Grammatical conjugation

From Academic Kids

In linguistics, conjugation is the creation of derived forms of a verb from its principal parts by inflection (regular alteration according to rules of grammar). Conjugation may be affected by person, number, gender, tense, mood, voice, grammatical aspect, or other language-specific factors.

Conjugated forms of a verb which show a given person, number, tense, etc. are called finite forms. In many languages there are also one or more several non-finite forms, such as the infinitive or the gerund. A table giving all the conjugated variants of a verb in a given language is called a conjugation table or a verb paradigm.

A regular verb has a paradigm of conjugation that derives all forms from a few specific forms or principal parts (maybe only one, such as the infinitive in English). When a verb cannot be conjugated straightforwardly like this, it is said to be irregular. Typically the principal parts are the root and/or several modifications of it (stems).

Conjugation is also the traditional name of a group of verbs that share a similar conjugation pattern in a particular language (a verb class). This is the sense in which teachers say that Latin has four conjugations of verbs. This means that any regular Latin verb can be conjugated in any person, number, tense, mood, and voice by knowing which of the four conjugation groups it belongs to, and its principal parts.

Examples of conjugation

Indo-European languages tend to inflect the verb for several categories and thus they have large verb paradigms and a difficult conjugation. The copular verb to be is usually the most irregular. Here is a sample conjugation of to be in English and its Latin, French, German, Spanish, Portuguese, and Swedish equivalents — esse, être, sein, ser, ser, and vara, respectively. Notice the similarities between English, German, and Swedish on the one hand and French, Spanish, Portuguese and Latin on the other; notice also that, where the infinitive is concerned, only English and Swedish are very much divergent from the rest of the major European languages.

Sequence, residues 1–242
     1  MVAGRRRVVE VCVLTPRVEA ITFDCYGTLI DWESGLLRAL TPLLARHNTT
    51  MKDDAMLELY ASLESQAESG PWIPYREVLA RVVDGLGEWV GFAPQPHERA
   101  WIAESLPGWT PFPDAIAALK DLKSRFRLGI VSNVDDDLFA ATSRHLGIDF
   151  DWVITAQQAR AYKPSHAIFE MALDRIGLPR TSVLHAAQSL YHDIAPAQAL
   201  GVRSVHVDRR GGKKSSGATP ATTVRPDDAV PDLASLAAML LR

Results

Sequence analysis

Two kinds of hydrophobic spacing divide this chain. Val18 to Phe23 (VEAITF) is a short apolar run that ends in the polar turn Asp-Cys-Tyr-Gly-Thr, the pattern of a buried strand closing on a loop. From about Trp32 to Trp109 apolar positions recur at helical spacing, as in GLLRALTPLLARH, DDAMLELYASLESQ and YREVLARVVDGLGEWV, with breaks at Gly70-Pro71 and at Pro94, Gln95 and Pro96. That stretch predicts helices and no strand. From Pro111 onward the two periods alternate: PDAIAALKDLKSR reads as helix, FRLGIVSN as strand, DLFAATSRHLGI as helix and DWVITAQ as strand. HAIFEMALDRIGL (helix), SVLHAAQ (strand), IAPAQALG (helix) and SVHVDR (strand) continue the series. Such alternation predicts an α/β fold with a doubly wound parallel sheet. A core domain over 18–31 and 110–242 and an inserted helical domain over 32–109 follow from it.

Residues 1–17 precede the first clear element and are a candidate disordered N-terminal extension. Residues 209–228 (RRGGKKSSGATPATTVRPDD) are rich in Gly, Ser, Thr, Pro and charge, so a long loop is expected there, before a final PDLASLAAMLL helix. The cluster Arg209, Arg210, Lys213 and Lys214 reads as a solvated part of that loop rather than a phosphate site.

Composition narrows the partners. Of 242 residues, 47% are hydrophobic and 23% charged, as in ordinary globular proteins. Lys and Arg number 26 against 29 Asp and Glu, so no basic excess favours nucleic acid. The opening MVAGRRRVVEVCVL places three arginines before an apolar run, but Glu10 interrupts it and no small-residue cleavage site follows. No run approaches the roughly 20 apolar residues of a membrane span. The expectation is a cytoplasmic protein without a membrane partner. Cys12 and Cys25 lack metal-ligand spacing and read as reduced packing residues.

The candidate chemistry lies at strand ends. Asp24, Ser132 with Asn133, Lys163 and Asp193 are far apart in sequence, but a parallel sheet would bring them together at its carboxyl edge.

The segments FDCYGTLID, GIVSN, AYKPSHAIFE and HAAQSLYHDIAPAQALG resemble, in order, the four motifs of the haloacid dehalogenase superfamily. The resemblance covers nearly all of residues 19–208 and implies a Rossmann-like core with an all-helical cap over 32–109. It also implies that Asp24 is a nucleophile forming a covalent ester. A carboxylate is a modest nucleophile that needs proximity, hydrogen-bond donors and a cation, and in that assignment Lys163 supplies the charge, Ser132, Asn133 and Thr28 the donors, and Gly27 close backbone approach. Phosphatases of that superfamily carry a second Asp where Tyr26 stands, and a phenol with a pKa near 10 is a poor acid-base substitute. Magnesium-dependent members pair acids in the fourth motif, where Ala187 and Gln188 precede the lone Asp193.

(Except for the infinitive, which is in the present active form, all the verbs listed are in the present indicative active. The appropriate pronoun is included in most of the examples.)

To be in several Indo-European languages
Form / Person English Latin Français Deutsch Español Português Svenska
infinitive to be esse être sein ser ser vara
1st singular I am (ego) sum je suis ich bin (yo) soy eu sou jag är
2nd singular you are (tu) es tu es du bist (tu) eres tu és du är
3rd singular he/she/it is (is/ea/id) est il / elle est er / sie / es ist él / ella / usted es ele / ela / você é han / hon / den / det är
1st plural we are (nos) sumus nous sommes wir sind (nosotros / nosotras) somos nós somos vi är
2nd plural you are (vos) estis vous êtes ihr seid (vosotros / vosotras) sois vós sois ni är
3rd plural they are (ei/eae/ea) sunt ils / elles sont sie sind (ellos / ellas / ustedes) son eles / elas / vocês são de är

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